in Cycling

Tri Bike Shop Talk

All the gear. So much gear. So many decisions to be made just for 1 of 3 sports. Thankfully, I’m a bike person, married to an ex-bike mechanic, so I at least have some knowledge around the subject. Even still, after I ordered a new crankset, chain, cassette and bottom bracket I was nervous I got the wrong parts. Because there are so many sizes. And styles. And who knows if anything matches, especially when your bike is 6 years old. I don’t even have disc brakes or bb30 or di2 or whatever the hotness is.

Yesterday I upgraded my road bike to a standard crankset—53×39 instead of 50×34—for more zoom zoom on time trials. It’s no 55, but it is a road bike, and I find it tough to buy a chainring just for a few races. It would also mean changing out that brand new cassette I just bought (as I don’t think my rear derailleur could handle that large a range).

I used the clip-on aero bars when I first tried triathlon and for a few stage race TTs, back when I did that sort of thing. But I’m going Eddy Merckx-style this time. I’m unconvinced that clip on bars do much; they add weight, they give you zero access to shifting or braking, and given road bike geometry, I think I’m better off in the drops. Or maybe I’ll just do this for 55 miles:

Precarious balancing aero position

You may be thinking to yourself, But Kristin, get a TT bike! Okay, first of all I discovered that bike manufacturers are now calling them “triathlon bikes” which I find odd, since they’re used for all kinds of time trials (maybe triathletes only google for “triathlon bike” so the SEO guy told them to rename them). Also, they are so ugly.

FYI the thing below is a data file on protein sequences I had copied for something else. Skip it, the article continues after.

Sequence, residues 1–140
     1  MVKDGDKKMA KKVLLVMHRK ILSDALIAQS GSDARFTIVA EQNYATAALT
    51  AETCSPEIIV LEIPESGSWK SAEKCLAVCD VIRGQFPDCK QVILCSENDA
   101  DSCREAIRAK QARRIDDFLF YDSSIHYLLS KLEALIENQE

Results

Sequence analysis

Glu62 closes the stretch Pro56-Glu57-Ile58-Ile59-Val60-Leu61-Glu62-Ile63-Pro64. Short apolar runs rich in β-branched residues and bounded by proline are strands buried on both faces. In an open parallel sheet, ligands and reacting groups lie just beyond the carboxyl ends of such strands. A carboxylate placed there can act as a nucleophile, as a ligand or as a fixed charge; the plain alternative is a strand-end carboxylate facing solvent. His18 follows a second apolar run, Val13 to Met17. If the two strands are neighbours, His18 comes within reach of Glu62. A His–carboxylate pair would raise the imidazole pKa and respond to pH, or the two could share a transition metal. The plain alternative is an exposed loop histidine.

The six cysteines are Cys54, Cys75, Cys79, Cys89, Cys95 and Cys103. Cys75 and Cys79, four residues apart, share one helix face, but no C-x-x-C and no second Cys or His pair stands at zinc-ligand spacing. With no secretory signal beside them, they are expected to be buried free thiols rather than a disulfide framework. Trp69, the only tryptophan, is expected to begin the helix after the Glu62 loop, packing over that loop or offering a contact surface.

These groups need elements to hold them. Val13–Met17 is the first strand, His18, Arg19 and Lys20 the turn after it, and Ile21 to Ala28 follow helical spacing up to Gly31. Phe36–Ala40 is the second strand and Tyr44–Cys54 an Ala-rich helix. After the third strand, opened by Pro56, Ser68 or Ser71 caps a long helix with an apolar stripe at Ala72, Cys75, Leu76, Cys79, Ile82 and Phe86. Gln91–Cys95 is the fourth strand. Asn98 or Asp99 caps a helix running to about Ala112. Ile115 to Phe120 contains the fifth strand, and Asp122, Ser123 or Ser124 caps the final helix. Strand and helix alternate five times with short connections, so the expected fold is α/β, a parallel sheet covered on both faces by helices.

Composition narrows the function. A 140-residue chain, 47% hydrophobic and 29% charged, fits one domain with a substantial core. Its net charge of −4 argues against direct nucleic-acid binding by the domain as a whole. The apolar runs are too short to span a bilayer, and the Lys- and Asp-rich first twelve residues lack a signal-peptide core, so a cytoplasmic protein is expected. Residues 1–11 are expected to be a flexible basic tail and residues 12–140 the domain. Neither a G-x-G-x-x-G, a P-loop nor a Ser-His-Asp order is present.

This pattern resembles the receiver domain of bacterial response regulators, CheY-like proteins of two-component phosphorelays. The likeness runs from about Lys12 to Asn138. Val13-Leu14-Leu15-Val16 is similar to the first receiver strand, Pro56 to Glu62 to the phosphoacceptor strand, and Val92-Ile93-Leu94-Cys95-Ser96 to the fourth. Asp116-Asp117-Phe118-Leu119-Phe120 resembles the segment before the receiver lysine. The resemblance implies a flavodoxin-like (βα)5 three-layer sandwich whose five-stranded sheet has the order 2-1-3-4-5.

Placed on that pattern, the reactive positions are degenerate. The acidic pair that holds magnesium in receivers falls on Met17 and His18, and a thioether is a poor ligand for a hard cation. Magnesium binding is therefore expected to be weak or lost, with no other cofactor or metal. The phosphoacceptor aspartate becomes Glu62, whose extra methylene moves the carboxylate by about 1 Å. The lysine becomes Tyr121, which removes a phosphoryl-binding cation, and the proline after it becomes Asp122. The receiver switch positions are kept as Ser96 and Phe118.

This looks like a Hawaiian sunset paining threw up on a bike

This looks like a Hawaiian sunset painting threw up on a flattened bike

They’re just so goofy looking! I suppose I’ll get over it. Not really sure if my wallet will though, I’d have to thin out the stable before making room for another.

In addition to the new drive train, I got new road shoes (as I had been rocking a cheap pair since 2007 or 2008), a new helmet (I ended up getting another mountain bike helmet, mostly because it had a cool fade, that kind of looks like a sunrise now that I think about it…), and most importantly, I bought a new saddle. Specialized makes a new “power” saddle that seems like a weird cross between a normal saddle and a TT saddle; it’s basically a road saddle with a huge cut out and a tiny, tiny nose, meant for aggressive riding (aka being in the drops at all times). Puuuurfect. And I have confirmed, it’s very, very comfortable.

When it comes to endurance racing, I tend to go with comfort over performance, to a degree. If the performance difference is small, I go with the comfort option; in the end, I think comfort effects performance more then a few grams may. If you can’t get comfortable, you can’t perform. Which is why I’m nervous about wearing a tri kit. Those chamois! Feels like someone just sewed an extra layer of lycra in there.

Side note: triathletes don’t call their onesies skin suits, they call them one pieces; I guess a skin suit is a swimming thing. Anyway.

I just pray my new power saddle will hold up when there’s not much between me and it. If not I will have to take drastic measures; maybe I’ll just stuff an extra chamois down my shorts and pull it out before the run. What could possibly go wrong?